16. 16. Criminal Law Summer Reviewer ATENEO CENTRAL BAR OPERATIONS 2007 2. public authorities are actually performing their public duties PAR. 5. Where public PAR. 2. Contempt or authorities are engaged insult to public in the discharge of their authorities duties FOR BOTH, Public authorities are in the performance of their duties Place where public duty is performed In their office. Outside of their office. The offended party May or may not be the Public authority should public authority not be the offended party Requisites (Place Dedicated To Religious Worship): 1. The crime occurred in a place dedicated to the worship of God regardless of religion 2. The offender must have decided to commit the crime when he entered the place of worship Except for the third which requires that official functions are being performed at the time of the commission of the crime, the other places mentioned are aggravating per se even if no official duties or acts of religious worship are being conducted there. Cemeteries, however respectable they may be, are not considered as place dedicated to the worship of God. Par. 6. That the crime be committed (1) in the nighttime, or (2) in an uninhabited place, or (3) by a band, whenever such circumstance may facilitate the commission of the offense NOTE: When present in the same case and their element are distinctly palpable and can subsist independently, they shall be considered separately. QuickTime™ and a TIFF (Uncompressed) decompressor are needed to see this picture. When nighttime, uninhabited place or band aggravating: 1. When it facilitated the commission of the crime; or 2. When especially sought for by the offender to insure the commission of the crime or for the purpose of impunity; or 3. When the offender took advantage thereof for the purpose of impunity NIGHTTIME (obscuridad) – that period of darkness beginning at the end of dusk and ending at dawn. Commission of the crime must begin and be accomplished in the nighttime. When the place of the crime is illuminated by light, nighttime is not aggravating. It is not considered aggravating when the crime began at daytime. Nighttime is not especially sought for when the notion to commit the crime was conceived of shortly before commission or when crime was committed at night upon a casual encounter However, nighttime need not be specifically sought for when (1) it facilitated the commission of the offense, or (2) the offender took advantage of the same to commit the crime A bare statement that crime was committed at night is insufficient. The information must allege that nighttime was sought for or taken advantage of, or that it facilitated the crime GENERAL RULE: Nighttime is absorbed in treachery. EXCEPTION: Where both the treacherous mode of attack and nocturnity were deliberately decided upon in the same case, they can be considered separately if such circumstances have different factual bases. Thus: In People vs. Berdida, et. al. (June 30, 1966), nighttime was considered since it was purposely sought, and treachery was further appreciated because the victim’s hands and arms were tied together before he was beaten up by the accused. In People vs. Ong, et. al. (Jan. 30, 1975), there was treachery as the victim was stabbed while lying face up and defenseless, and nighttime was considered upon proof that it facilitated the commission of the offense and was taken advantage of by the accused. UNINHABITED PLACE (despoblado) – one where there are no houses at all, a place at a considerable distance from town, where the houses are scattered at a great distance from each other Solitude must be sought to better attain the criminal purpose What should be considered here is whether in the place of the commission of the offense, there was a reasonable possibility of the victim receiving some help. Page 16 of 174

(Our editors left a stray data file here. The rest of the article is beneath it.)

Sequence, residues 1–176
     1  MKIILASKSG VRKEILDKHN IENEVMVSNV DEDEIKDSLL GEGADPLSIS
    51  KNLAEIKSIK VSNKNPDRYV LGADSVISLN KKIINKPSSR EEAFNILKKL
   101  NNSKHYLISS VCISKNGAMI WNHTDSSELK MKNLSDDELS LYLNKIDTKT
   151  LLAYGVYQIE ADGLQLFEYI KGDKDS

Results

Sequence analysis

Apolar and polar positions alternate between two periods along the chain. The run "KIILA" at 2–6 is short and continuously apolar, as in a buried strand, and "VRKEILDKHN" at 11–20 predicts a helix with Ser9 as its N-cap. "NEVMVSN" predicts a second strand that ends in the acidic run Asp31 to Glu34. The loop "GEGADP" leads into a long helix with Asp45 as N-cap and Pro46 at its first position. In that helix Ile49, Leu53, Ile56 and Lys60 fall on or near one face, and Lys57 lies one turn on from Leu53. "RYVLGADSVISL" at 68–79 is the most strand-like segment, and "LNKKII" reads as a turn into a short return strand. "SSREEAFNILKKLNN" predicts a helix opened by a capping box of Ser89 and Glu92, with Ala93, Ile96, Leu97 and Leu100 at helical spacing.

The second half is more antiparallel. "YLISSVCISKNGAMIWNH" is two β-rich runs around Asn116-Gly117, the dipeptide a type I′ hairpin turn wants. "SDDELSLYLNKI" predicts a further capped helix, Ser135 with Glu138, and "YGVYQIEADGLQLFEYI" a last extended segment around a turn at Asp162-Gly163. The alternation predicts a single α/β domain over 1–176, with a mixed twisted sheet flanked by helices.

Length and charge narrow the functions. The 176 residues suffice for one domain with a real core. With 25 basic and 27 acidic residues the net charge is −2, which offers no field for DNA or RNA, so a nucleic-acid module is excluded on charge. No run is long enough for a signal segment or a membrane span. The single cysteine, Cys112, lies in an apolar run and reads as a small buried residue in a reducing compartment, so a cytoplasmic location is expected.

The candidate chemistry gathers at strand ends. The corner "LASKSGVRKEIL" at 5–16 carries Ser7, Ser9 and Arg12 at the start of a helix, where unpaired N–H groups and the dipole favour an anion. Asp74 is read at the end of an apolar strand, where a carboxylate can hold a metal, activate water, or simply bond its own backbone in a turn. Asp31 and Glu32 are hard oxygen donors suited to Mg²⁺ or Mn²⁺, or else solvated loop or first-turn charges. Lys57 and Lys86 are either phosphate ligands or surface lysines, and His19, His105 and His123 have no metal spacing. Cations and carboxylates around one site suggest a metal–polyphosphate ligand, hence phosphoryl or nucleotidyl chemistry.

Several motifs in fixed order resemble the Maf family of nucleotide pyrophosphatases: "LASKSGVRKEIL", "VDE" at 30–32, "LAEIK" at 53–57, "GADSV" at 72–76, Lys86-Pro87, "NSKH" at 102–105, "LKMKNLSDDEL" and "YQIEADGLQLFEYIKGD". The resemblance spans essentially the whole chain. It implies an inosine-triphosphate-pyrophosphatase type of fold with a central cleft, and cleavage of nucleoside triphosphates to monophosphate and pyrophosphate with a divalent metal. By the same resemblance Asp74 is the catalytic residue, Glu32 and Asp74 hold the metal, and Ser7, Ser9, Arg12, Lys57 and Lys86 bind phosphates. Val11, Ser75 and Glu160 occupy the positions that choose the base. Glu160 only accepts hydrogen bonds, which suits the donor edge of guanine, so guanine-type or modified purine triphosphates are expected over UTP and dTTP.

17. 17. Criminal Law Summer Reviewer ATENEO CENTRAL BAR OPERATIONS 2007 BAND (en cuadrilla) – whenever there are more than 3 armed malefactors that shall have acted together in the commission of an offense NOTE: There must be four or more armed men If one of the four-armed malefactors is a principal by inducement, they do not form a band because it is undoubtedly connoted that he had no direct participation. “By a band” is aggravating in crimes against property or against persons or in the crime of illegal detention or treason but does not apply to crimes against chastity “By a band” is inherent in brigandage This aggravating circumstance is absorbed in the circumstance of abuse of superior strength Par. 7. That the crime be committed on the occasion of a conflagration, shipwreck, earthquake, epidemic or other calamity or misfortune. Requisites: 1. The crime was committed when there was a calamity or misfortune 2. The offender took advantage of the state of confusion or chaotic condition from such misfortune If the offended was PROVOKED by the offended party during the calamity/misfortune, this aggravating circumstance may not be taken into consideration. Par. 8.That the crime be committed with the aid of (1) armed men or (2) persons who insure or afford impunity Requisites: 1. That armed men or persons took part in the commission of the crime, directly or indirectly. 2. That the accused availed himself of their aid or relied upon them when the crime was QuickTime™ and a TIFF committed. (Uncompressed) decompressor are needed to see this picture. NOTE: This aggravating circumstance requires that the armed men are accomplices who take part in a minor capacity directly or indirectly, and not when they were merely present at the crime scene. Neither should they constitute a band, for then the proper aggravating circumstance would be cuadrilla. When This Aggravating Circumstance Shall Not Be Considered: 1. When both the attacking party and the party attacked were equally armed. 2. When the accused as well as those who cooperated with him in the commission of the crime acted under the same plan and for the same purpose. 3. When the others were only “casually present” and the offender did not avail himself of any of their aid or when he did not knowingly count upon their assistance in the commission of the crime Par. 6 “By a band” Par. 8. “With the aid of armed men” As to their number Requires more than three At least two armed malefactors (i.e., at least four) As to their action Requires that more than This circumstance is three armed malefactors present even if one of the shall have acted together offenders merely relied on in the commission of an their aid, for actual aid is offense. not necessary. If there are four armed men, aid of armed men is absorbed in employment of a band. If there are three armed men or less, aid of armed men may be the aggravating circumstance. “Aid of armed men” includes “armed women.” Par. 9. That the accused is a recidivist RECIDIVIST – one who at the time of his trial for one crime, shall have been previously convicted by final judgment of another crime embraced in the same title of the RPC. Requisites: 1. That the offender is on trial for an offense; 2. That he was previously convicted by final judgment of another crime; 3. That both the first and the second offenses are embraced in the same title of the Code; 4. That the offender is convicted of the new offense. MEANING OF “at the time of his trial for one crime.” It is employed in its general sense, including the rendering of the judgment. It is meant to include everything that is done in the course of the trial, from Page 17 of 174